In Labour’s electoral manifesto, there was a clear indication that the party wanted workers to join a trade union.

In recent press conferences held on International Workers’ Day, this issue was also highlighted by Malta’s largest unions.

Is this the right move? Or is it simply a way for the government to shirk key responsibilities?

In Malta’s current work climate, it is evident that several low-income jobs, which most of the Maltese workforce is uninterested in, are being largely filled by third-country nationals.

This has created an environment where these employees are often exploited. However, these are not the only ones.

On a daily basis, I come across employees who have their basic rights abused. I have even encountered employees who have been asked for a payment in order to receive their payslips!

This problem will not be solved by making union membership mandatory. It’s an

education problem that the government has ignored.

Our education system is failing our young people. How can our education system be preparing our students for the workforce if we are not even able to tell them their very basic employment rights?

Yes, you should get a payslip at least monthly. Yes, you should pay towards a pension and social security.

Yes, you should be registered with JobsPlus.

Yes, you have a right to 24 days of leave plus all public holidays. Yes, you are entitled to sick leave.

These are basic rights that most of our workforce only learn from their peers. Abuse and misinformation are allowed to fester due to lack of education.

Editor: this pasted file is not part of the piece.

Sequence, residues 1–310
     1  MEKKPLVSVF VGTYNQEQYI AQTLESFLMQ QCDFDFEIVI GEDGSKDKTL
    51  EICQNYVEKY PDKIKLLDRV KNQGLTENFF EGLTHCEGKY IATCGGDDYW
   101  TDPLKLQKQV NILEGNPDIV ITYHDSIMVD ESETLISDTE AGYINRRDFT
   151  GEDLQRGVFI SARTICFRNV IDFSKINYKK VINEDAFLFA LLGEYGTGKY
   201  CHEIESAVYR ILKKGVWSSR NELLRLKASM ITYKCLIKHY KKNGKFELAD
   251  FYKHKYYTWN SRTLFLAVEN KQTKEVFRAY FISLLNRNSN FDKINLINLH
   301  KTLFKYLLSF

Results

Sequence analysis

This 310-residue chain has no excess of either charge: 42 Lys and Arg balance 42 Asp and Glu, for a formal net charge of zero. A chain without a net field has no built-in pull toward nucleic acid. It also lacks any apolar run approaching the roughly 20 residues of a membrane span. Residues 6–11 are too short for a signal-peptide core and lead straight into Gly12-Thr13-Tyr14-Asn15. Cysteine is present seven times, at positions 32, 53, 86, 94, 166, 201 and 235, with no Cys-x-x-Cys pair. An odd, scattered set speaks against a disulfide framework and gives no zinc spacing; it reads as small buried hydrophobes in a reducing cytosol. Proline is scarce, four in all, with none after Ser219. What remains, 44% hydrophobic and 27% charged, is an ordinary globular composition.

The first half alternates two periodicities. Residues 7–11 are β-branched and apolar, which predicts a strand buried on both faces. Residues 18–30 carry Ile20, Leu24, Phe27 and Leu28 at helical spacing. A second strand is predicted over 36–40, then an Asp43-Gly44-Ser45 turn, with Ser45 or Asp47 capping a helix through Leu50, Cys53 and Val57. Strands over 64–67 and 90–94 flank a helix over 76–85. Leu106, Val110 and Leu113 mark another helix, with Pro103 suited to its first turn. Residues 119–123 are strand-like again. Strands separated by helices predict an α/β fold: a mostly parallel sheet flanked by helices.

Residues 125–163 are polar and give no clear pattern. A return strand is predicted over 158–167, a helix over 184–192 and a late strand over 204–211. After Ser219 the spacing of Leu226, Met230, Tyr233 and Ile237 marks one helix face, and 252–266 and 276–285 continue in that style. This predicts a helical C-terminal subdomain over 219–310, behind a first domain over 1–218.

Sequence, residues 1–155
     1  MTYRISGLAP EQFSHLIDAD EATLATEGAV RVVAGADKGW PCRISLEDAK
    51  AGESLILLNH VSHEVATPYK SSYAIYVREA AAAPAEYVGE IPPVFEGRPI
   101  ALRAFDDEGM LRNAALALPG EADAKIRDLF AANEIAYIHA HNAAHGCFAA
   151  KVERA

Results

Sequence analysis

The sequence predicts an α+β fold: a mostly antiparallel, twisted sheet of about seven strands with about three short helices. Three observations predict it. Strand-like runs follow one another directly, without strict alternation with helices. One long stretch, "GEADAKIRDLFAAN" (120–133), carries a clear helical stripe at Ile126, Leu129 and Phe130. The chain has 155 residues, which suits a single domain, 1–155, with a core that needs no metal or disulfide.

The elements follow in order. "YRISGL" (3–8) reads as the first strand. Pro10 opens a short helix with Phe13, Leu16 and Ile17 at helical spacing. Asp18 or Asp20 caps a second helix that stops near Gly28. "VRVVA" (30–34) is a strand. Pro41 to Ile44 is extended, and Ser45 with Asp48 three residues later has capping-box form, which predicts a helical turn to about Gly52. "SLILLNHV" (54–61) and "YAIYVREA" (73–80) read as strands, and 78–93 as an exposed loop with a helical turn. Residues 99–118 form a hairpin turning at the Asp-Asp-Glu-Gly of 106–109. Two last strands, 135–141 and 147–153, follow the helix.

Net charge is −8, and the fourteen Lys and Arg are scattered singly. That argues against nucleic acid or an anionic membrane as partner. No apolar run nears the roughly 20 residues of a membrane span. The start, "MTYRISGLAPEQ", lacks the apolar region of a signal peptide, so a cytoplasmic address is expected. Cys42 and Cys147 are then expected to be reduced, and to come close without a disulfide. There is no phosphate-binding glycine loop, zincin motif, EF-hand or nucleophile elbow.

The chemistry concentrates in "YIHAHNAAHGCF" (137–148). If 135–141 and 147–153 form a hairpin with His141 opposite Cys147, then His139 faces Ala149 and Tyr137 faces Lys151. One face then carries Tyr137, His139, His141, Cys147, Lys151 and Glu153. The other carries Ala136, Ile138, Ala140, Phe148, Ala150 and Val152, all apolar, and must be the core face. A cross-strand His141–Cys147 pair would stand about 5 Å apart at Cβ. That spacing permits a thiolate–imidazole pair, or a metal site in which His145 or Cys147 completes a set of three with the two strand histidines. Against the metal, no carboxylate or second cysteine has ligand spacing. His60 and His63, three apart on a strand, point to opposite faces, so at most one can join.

I ask: why is a Malta Employee Rights onboarding session not required and managed by JobsPlus? Every new employee in Malta should be invited to a webinar or online session to explain their rights and obligations.

This lack of information and transparency is hurting Malta’s efforts in compliance and reduction of tax evasion. A quick look at comments posted on my TikTok account shows that employees often go without payslips or their payslips do not match the pay they receive.

It’s not simply the employee’s underpaid taxes that are an issue but also likely that their employer is significantly under-declaring their revenues. Otherwise, it’s extremely difficult to ‘hide’ these expenses while retaining profits.

Every new employee in Malta should be invited to a webinar or online session to explain their rights and obligations- Jonathan Mifsud

It would be fair to say that most people would like to pay the least amount of tax possible. However, does anyone ever explain the repercussions?

We come across many part-time employees whose 10 per cent social security contribution is deducted when working part-time.

Do they know that their pension at retirement could be compromised due to lack of contributions?

In most cases, employees have no idea.

This also happens when one accepts a decreased basic pay and an allowance to compensate. Everyone thinks they saved ‘10 per cent’ social security and few realise it could mean a 10 per cent haircut on their pension.

Does anyone ever lay this down to these employees? Who is stopping our government entities from empowering Malta’s workforce?

Should unions insist that education is not the answer but a union membership is, I would like to ask: are the unions taking this responsibility upon themselves?

As long as I’ve been working in payroll, I’ve hardly come across educational campaigns to the public by these unions. While I have never been represented by a union, I know people who have.

In all these interactions, I’ve always seen the needs of the few, mostly the managers, benefit more than their colleagues…

We should not be taking money out of the least privileged in our community simply to help them ensure their rights are not abused.

If the unions and the government are not willing to step up to the plate, it is up to businesses and influencers to create an impact.

Jonathan Mifsud, Co-founder & CTO of Buddy


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